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Alex Bordei on Scaling NoSQL Databases

| by Srini Penchikala on Dec 30, 2014. Estimated reading time: 2 minutes |

Network performance, virtualization and testing are some of the considerations to address the performance and scalability issues with NoSQL databases. Alex Bordei wrote about scaling NoSQL databases and tips for increasing performance when using these data stores. He is also a co-host of the webcast on best practices for optimizing performance on NoSQL databases.

Alex discussed the following five areas for increasing NoSQL database performance.

Linearity in Scaling: Scaling distributed applications just by making them parallel doesn't necessarily increase performance. And, the hardware prices can grow exponentially as their specifications increase. Alex suggests to find the sweet-spot between scaling horizontally and vertically where you can get the best performance for the price spent on the hardware setup. This setup can be different depending on the application design and the use case for which a NoSQL database solution is used.

Testing: The best way to get an idea of how your particular software stack scales is to test it. You can test your application either on a virtualized environment or bare metal cloud both of which allow you to create the test environment on multiple machines without spending lot of money or time.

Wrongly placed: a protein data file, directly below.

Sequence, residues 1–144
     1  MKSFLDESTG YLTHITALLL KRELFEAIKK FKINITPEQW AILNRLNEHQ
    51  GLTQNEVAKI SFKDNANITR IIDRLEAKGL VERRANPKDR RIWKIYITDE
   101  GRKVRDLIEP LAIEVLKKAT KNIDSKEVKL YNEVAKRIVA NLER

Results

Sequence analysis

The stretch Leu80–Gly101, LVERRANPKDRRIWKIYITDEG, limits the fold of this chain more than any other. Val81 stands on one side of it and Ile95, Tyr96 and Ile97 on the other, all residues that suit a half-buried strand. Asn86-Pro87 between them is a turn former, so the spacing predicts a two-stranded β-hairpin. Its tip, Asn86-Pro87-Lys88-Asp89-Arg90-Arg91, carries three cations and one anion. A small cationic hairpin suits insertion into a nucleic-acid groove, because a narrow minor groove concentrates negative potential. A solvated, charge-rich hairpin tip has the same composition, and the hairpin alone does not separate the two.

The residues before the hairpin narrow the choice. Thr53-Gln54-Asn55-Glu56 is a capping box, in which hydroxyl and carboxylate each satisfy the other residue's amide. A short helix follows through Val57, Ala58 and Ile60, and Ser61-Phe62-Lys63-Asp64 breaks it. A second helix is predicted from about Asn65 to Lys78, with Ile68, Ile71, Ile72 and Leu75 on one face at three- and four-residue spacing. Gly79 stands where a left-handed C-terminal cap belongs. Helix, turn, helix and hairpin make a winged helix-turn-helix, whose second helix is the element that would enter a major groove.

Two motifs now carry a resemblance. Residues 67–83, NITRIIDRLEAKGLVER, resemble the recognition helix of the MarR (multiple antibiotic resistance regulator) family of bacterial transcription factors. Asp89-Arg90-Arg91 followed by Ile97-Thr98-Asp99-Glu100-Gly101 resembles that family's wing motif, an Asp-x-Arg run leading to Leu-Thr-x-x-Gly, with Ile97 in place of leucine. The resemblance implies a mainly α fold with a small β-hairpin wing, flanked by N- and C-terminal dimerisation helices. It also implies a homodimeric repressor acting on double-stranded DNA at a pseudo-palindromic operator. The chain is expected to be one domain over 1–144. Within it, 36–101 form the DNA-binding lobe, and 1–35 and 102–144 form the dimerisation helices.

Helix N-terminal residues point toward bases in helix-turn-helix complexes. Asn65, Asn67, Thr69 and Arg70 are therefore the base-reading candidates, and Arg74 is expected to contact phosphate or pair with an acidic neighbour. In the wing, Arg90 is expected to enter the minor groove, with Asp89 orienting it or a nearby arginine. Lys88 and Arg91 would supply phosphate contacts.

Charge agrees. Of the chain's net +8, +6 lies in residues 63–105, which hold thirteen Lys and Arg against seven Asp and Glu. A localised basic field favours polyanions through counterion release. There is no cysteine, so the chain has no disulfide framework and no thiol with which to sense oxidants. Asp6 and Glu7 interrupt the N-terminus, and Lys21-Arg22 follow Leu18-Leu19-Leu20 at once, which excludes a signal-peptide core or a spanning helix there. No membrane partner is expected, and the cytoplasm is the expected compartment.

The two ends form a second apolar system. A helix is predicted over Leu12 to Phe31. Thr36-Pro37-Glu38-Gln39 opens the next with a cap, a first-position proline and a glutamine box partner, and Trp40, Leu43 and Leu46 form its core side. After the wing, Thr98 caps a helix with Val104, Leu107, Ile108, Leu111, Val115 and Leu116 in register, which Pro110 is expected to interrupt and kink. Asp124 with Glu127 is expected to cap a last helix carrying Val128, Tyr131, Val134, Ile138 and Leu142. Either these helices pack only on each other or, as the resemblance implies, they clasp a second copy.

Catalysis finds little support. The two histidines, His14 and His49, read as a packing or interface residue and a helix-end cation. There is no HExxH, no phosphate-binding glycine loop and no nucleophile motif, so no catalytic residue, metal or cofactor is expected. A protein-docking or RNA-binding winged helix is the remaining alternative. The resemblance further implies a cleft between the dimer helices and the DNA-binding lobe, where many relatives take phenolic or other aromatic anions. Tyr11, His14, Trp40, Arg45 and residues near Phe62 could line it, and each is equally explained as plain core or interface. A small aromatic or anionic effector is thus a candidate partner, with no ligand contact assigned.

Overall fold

Memory & CPU Resources: Memory and CPU details really matter in the performance and scalability of NoSQL databases. Memory access speeds vary from one specification detail to another (for example, from 1333 MHz to 1866 MHz DIMMs) which can be a significant factor for databases like Redis or Couchbase. Alex suggests to not assume the speed of RAM but pay attention to details of memory specifications. On the CPU side, Hyper Threading and turning off virtualization (Intel VT) where it's not required, can improve the performance.

Network Performance: Network latency and throughput impact the performance of the overall setup. Virtual machines (VMs) will give lower network connectivity compared to the bare metal server infrastructure. So, it's important to assess the network performance for overall increased performance of the database solution.

Virtualization with NoSQL databases: Virtualization provides the flexibility to use a single machine for multiple purposes, with reasonable security for non-critical business data. Unfortunately, it also influences memory access speed, which is critical for some NoSQL databases. NoSQL and big data vendors like Datastax (provides commercial support for Cassandra database) and Splunk recommend bare metal for installing their software products.

Alex stresses that no matter how fast and scalable the software, the quality of every component in the underlying hardware matters. Also, investing in testing efforts will save you time in the long run.

 

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